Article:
September 13, 2012
By Sandra Varner/Talk2SV
Special to the LAWT
High stakes money dealing and child molestation weigh heavily by any measure; eliciting headlines though, by comparison, sit at opposite ends of angst and disdain. But the impressive dexterity of actor Nate Parker demonstrates his ability to balance the scales of emotion, making him one of today’s finest on screen talents.
Parker costars in “Arbitrage” the Richard Gere dramatic thriller centered on financial improprieties, from Lionsgate and Roadside Attractions.
Parker also costars in “Red Hook Summer,” the Spike Lee intense drama that posits religion and fractured family dynamics amid sexual innocence, now playing in theaters.
“Arbitrage,” from writer Nicholas Jarecki, is described as a taut and alluring suspense thriller about love, loyalty, and high finance. New York hedge-fund magnate Robert Miller (Gere), on the eve of his 60th birthday, appears the very portrait of success in American business and family life. Behind the gilded walls of his mansion, Miller is in over his head, desperately trying to complete the sale of his trading empire to a major bank before the depths of his fraud are revealed.
Miller struggles to conceal his duplicity from his wife Ellen (Susan Sarandon) and daughter, Brooke (Brit Marling), heir-apparent, all the while balancing an extramarital affair. Just as he's about to unload his troubled empire, a bloody accident forces him to juggle family, business, and crime with the aid of Jimmy Grant (Parker), a face from Miller's past.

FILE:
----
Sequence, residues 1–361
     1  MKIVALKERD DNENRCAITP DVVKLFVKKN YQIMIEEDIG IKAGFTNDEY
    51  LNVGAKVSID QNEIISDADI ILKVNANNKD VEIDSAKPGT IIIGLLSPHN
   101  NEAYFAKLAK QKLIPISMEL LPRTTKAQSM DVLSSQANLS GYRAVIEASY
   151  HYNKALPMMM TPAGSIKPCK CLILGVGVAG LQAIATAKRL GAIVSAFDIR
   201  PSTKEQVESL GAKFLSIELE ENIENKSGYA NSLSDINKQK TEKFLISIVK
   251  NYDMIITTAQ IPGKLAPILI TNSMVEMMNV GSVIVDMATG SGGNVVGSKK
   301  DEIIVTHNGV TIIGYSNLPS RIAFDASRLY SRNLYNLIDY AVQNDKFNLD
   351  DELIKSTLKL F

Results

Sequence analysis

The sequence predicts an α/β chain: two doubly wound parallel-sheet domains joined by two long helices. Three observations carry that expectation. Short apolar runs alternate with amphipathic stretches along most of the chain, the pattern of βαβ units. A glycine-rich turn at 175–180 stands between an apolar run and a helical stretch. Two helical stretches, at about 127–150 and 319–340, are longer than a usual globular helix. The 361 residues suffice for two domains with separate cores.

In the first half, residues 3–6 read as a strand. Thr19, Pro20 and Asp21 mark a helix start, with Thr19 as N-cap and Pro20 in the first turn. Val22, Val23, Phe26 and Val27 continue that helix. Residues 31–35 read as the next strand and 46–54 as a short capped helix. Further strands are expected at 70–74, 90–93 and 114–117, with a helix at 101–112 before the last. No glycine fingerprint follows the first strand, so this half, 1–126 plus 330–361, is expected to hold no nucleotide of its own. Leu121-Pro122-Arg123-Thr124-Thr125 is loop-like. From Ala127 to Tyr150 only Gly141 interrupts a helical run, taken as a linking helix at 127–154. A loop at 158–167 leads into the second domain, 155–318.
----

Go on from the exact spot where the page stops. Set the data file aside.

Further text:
The 32-year-old Parker’s expanding movie career includes over a dozen feature films. He first received critical attention for his starring role in “The Great Debaters” opposite Denzel Washington. He followed this with a role starring alongside Terrence Howard and Cuba Gooding Jr. in Red Tails. He is currently in production on David Lowery’s “Ain’t Them Bodies Saints” opposite Casey Affleck, Rooney Mara, and Ben Foster. Other credits include: “Pride,” “Felon,” “Tunnel Rats” with Michael Pare and “The Secret Life Of Bees,” which featured an all-star cast of Queen Latifah, Jennifer Hudson, Dakota Fanning and Paul Bettany. On stage, Parker appeared in “American Voices” opposite Dustin Hoffman, Annette Bening, Rosario Dawson and James Cromwell.
Recently, I spoke to Parker, a Norfolk, VA native who holds an honorary Doctorate from Wiley College in Marshall, Texas and who is known to be fastidious in preparing for each character portrayal.
“The first role I ever had was on television; it was on “Cold Case.” If I remember, it was a young man who had been molested by a swim coach. A number of years later, they looked into the murder of the swim coach and my character’s name came up. I can remember looking at the material trying to figure out how I would create this world and how I would be true to this character. Being someone who has never been molested, I just reminded myself that somewhere in the world a young kid — who is a victim — is going to be watching this and he will be sitting next to the person that is victimizing him. How would I be able to speak on behalf of that kid and will I do a good job? Will that kid say, ‘he’s so honest?’ That is the kind of approach I take in terms of what I choose to do and the type of messages I want to draw, based on my character analysis.”
His process is enduring.
“I come from an athletic background; I was a wrestler and in wrestling the stakes are high. If you don’t prepare, it can mean your health. You can break something or hurt yourself. Wrestling is a one-on-one sport and many times people think it’s you against the other person but most often it’s you against yourself. I take that training with me: the discipline and the work ethic. So far it’s paid off.”
There are nuances in “Arbitrage,” also costarring Tim Roth, that hearken of days gone by yet there are shades steeped in present day, particularly the sanguine protagonist who doubles as the villain in question. Parker places well in period dramas. Namely, in “The Great Debaters,” the tender love scene with Journee Smollett — both sitting quietly in a boat in the bayou — rates among my favorite on screen romantic events, their innocence is affecting.